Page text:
11 WATER-DAMAGE INSURANCE COVERAGE Protection provided in most homeowners insurance policies against sudden and accidental water damage, from burst pipes for example. Does not cover damage from problems resulting from a lack of proper maintenance such as dripping air conditioners or any other condition where the adjuster determines lack of maintenance. Water damage from floods is covered under separate flood insurance policies issued by the federal government.

12 Back up of Sewers, Sump Pumps and Drains This is an optional coverage subject to an additional premium (subject to each individual insurers verbiage and definition). Accidental discharge or overflow of water from plumbing, HVAC, sprinkler system, waterbed or from a household appliance

13 Flood Insurance Coverage for flood damage is available from the federal government under the National Flood Insurance Program (NFIP) but is sold by licensed insurance agents. Flood coverage is excluded under homeowners policies and many commercial property policies. However, flood damage is covered under the comprehensive portion of an auto insurance policy.

14 Severity Size or cost of a loss. One of the criteria underwriters utilize in calculating premiums and rates.

15 Underwriting An underwriter examines, accepts, or rejects insurance risks and classifying the ones that are accepted, in order to charge appropriate premiums for them.

16 Subrogation The legal process by which an insurance company, after paying a loss, seeks to recover the amount of the loss from another party who is legally liable for it. Sometimes one insurance company will subrogate against another.

17 Types of insurance companies Mutual: A company owned by its policyholders that returns part of its profits to the policyholders as dividends. The insurer uses the rest as a surplus cushion in case of large and unexpected losses. Stock: An insurance company owned by its stockholders who share in profits through earnings distributions and increases in stock value.

18 Deductible The amount of loss paid by the policyholder. Either a specified dollar amount or a percentage of the claim amount. The bigger the deductible, the lower the premium charged for the same coverage. Some companies offer hurricane coverage with a separate often higher deductible.

19 Catastrophe Term used for statistical recording purposes to refer to a single incident or a series of closely related incidents causing severe insured property losses totaling more than a given amount, currently $25 million

20 Loss Ratio Percentage of each premium dollar an insurer spends on claims. Most agents are paid a contingency or loss ratio bonus for maintaining their losses under a predetermined percentage. Rainbow International can assist agents by lowering their average severity on water losses.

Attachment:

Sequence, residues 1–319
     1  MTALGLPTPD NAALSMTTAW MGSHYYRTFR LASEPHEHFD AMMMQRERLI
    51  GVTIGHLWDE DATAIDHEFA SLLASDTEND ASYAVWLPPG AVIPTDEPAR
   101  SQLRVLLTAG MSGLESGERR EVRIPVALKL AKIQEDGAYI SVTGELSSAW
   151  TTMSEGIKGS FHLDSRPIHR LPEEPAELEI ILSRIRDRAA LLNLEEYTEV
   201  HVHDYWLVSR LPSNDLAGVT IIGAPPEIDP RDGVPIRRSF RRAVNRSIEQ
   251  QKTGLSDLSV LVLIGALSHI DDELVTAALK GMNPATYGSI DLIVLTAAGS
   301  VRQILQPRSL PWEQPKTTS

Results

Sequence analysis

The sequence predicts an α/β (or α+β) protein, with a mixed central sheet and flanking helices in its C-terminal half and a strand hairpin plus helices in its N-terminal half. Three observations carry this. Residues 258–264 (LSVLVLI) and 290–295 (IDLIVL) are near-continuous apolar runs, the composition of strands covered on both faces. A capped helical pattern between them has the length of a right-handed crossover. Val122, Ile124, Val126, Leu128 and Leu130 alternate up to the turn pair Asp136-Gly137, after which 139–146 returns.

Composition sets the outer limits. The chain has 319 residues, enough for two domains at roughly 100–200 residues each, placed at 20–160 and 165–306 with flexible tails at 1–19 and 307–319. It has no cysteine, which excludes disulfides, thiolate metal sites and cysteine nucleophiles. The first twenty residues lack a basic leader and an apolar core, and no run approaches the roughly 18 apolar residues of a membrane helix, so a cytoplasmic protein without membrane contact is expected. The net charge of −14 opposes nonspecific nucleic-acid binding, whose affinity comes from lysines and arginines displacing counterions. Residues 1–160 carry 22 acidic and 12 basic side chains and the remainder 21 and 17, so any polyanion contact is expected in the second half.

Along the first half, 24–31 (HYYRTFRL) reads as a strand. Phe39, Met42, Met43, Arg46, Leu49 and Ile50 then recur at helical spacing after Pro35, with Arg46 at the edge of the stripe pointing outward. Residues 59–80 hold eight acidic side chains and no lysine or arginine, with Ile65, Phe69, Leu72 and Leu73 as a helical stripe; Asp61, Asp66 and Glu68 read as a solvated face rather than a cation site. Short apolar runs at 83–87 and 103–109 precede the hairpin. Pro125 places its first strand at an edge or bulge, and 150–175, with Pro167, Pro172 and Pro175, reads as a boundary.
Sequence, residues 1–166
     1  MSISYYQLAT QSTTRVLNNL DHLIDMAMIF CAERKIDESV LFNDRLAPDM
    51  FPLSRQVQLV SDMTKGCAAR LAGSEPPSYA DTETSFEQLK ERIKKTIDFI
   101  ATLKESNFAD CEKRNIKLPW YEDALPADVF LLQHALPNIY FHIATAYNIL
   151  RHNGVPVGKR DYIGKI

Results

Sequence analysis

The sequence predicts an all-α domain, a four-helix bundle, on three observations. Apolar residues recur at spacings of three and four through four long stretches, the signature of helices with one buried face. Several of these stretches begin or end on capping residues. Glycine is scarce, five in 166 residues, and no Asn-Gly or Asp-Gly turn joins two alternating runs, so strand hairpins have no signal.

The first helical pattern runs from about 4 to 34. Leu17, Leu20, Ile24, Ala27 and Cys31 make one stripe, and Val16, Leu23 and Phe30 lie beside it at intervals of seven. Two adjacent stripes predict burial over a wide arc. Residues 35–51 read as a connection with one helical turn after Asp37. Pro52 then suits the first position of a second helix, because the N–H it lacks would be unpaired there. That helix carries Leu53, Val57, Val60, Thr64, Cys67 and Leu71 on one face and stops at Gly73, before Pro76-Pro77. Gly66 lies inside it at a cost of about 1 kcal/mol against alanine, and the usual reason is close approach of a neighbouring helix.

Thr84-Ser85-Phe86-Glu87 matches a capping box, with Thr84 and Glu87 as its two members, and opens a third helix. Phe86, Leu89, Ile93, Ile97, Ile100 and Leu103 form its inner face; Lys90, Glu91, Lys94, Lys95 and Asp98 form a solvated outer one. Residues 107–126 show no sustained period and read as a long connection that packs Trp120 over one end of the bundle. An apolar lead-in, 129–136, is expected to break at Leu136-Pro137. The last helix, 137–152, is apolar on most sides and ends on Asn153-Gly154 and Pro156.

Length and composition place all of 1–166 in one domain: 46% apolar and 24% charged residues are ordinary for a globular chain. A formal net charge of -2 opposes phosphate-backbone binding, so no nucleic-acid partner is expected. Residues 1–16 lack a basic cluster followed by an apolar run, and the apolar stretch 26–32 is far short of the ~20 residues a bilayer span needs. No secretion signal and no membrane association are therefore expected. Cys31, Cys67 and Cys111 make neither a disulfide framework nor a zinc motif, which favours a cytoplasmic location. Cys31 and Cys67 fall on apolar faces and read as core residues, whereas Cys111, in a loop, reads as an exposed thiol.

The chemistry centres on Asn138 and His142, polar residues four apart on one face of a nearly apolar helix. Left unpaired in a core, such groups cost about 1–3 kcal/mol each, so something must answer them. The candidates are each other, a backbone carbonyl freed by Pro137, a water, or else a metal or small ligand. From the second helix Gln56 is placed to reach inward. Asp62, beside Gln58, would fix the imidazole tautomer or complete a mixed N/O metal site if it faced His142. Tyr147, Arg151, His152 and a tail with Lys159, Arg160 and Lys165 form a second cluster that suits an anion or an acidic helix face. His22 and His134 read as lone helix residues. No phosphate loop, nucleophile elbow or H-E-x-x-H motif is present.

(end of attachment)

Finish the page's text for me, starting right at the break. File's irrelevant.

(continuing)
21 Notice of Loss Also referred to as First Notice of Loss or FNOL. A written notice required by insurance companies immediately after an accident or other loss. Most agents use a standard Acord form to record loss information.

22 Reinsurance Insurance bought by insurers. A reinsurer assumes part of the risk and part of the premium originally taken by the insurer, known as the primary company. Reinsurance effectively increases an insurer's capital and therefore its capacity to sell more coverage. The business is global and some of the largest reinsurers are based abroad. Reinsurers have their own reinsurers, called retrocessionaires. Reinsurers dont pay policyholder claims. Instead, they reimburse insurers for claims paid.

23 Replacement cost Insurance that pays the dollar amount needed to replace damaged personal property or dwelling property without deducting for depreciation but limited by the maximum dollar amount shown on the declarations page of the policy.

24 Actual Cash Value Typically referenced as ACV, this coverage is defined as applying depreciation to possessions lost as part of a covered peril. The amount a damaged or stolen item was actually worth at the time of the loss. The formula for Actual Cash Value (ACV) is replacement cost of the item minus depreciation.

25 Salvage Damaged property an insurer takes over to reduce its loss after paying a claim. Insurers receive salvage rights over property on which they have paid claims, such as appliances or furniture exposed to water or smoke damage.

26 Resources you can use Insurance Information Institute National Association of Insurance Commissioners Your states department of insurance EX: The web site of any insurance company

27 Questions??

28 Thank you for your participation!